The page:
The kit comes packaged in a pretty impressive aluminum briefcase, containing everything you need to bring your unique tech idea to life. The upper part of the briefcase houses Royole’s 3rd Generation Cicada Wing 7.8-inch fully flexible touch-sensitive display, while the lower half of the briefcase contains a development motherboard running Android 10, an HDMI adapter (in case you want to connect your flexible display to an existing computer like a Raspberry Pi, smartphone, laptop, or any other gadget), and a bunch of power cables for good measure.

The idea behind the RoKit, says Royole Founder and CEO Dr. Bill Liu, is to “invite every industry to imagine and design with flexibility in mind, unfolding new possibilities for creators and accelerating the development of flexible solutions in all walks of life.” Envisioned as the world’s first open platform flexible electronics development kit, the RoKit allows other creators to do exactly what Royole did with the FlexPai in 2018 – create electronic products that the world has never seen before.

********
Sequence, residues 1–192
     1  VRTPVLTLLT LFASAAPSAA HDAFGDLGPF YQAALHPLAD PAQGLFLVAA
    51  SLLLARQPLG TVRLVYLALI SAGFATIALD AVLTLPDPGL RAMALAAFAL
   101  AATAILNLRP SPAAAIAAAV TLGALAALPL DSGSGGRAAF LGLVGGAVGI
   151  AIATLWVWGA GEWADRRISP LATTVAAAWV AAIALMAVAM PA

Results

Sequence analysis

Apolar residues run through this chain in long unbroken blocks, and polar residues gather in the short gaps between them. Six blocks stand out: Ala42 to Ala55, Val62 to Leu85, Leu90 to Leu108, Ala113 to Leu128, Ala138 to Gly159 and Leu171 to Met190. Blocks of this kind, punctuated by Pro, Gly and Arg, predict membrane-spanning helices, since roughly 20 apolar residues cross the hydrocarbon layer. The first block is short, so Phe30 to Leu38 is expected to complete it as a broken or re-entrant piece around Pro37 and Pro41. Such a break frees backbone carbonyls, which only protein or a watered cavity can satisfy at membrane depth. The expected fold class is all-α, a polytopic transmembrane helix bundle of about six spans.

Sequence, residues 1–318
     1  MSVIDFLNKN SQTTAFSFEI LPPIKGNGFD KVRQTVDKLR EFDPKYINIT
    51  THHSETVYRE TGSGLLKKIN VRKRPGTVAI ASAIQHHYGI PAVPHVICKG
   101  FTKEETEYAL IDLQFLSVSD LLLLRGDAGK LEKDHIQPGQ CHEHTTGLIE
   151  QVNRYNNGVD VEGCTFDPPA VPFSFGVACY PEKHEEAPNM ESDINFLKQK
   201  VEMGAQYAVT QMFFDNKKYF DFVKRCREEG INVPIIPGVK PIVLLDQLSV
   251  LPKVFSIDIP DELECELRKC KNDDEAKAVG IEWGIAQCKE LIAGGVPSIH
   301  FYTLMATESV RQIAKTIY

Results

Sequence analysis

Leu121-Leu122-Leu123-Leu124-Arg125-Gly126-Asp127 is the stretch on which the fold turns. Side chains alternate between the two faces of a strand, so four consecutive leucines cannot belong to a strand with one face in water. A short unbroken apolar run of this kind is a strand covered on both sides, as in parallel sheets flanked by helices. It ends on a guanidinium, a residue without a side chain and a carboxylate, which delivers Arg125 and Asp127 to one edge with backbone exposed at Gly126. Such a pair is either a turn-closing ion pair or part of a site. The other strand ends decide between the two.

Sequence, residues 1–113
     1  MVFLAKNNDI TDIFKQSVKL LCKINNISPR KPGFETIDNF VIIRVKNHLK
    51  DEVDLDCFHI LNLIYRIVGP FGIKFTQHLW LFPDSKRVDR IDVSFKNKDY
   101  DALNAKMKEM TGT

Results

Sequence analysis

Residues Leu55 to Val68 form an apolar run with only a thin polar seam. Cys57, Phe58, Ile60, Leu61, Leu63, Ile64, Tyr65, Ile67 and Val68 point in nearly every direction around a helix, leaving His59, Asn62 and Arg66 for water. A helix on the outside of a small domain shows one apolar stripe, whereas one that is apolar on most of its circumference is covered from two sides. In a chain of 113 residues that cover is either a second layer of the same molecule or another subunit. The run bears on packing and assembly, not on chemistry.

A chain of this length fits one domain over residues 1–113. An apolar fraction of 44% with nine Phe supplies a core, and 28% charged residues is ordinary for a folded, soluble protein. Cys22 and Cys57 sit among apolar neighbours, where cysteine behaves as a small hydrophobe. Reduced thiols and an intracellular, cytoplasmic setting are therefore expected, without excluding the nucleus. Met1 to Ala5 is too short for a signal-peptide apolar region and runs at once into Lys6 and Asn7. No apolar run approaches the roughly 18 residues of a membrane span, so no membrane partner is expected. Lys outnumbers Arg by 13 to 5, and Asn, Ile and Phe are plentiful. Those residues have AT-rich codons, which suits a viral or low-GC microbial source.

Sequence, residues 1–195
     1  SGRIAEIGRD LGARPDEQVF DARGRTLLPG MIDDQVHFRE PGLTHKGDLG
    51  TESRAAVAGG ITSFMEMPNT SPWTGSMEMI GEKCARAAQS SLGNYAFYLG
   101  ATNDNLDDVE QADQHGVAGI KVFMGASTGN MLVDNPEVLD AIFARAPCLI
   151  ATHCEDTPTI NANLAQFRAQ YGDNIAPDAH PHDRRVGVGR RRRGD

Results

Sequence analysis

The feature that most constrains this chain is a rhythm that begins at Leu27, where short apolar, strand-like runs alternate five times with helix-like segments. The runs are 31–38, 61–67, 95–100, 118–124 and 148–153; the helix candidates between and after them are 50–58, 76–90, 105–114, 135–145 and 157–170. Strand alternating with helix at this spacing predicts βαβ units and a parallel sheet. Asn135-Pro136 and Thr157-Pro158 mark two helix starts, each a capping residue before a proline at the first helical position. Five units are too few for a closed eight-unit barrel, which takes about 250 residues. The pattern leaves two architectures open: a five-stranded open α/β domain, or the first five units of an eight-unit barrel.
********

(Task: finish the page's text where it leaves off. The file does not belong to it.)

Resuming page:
To show how limitless their flexible displays can be, Royole’s even created a few conceptual products that highlight exactly how folding screens can make products sleeker, smaller, and better. The examples include (as shown below) handheld gimbals/cameras with slide-out displays, a slick monolithic computer that transitions magically from keyboard to screen (I wonder where they got that idea from), and even a helmet with a rear display that contours perfectly to the shape of the head, allowing you to communicate efficiently with drivers behind you.

For now, the RoKit is available for purchase on the Royole website in the United States, United Kingdom, Germany, Japan, and China. Priced at $959, it definitely isn’t cheap, although one could make the case that it’s just about affordable for being able to test out and prototype a product before you actually develop it with mass-produced flexible displays.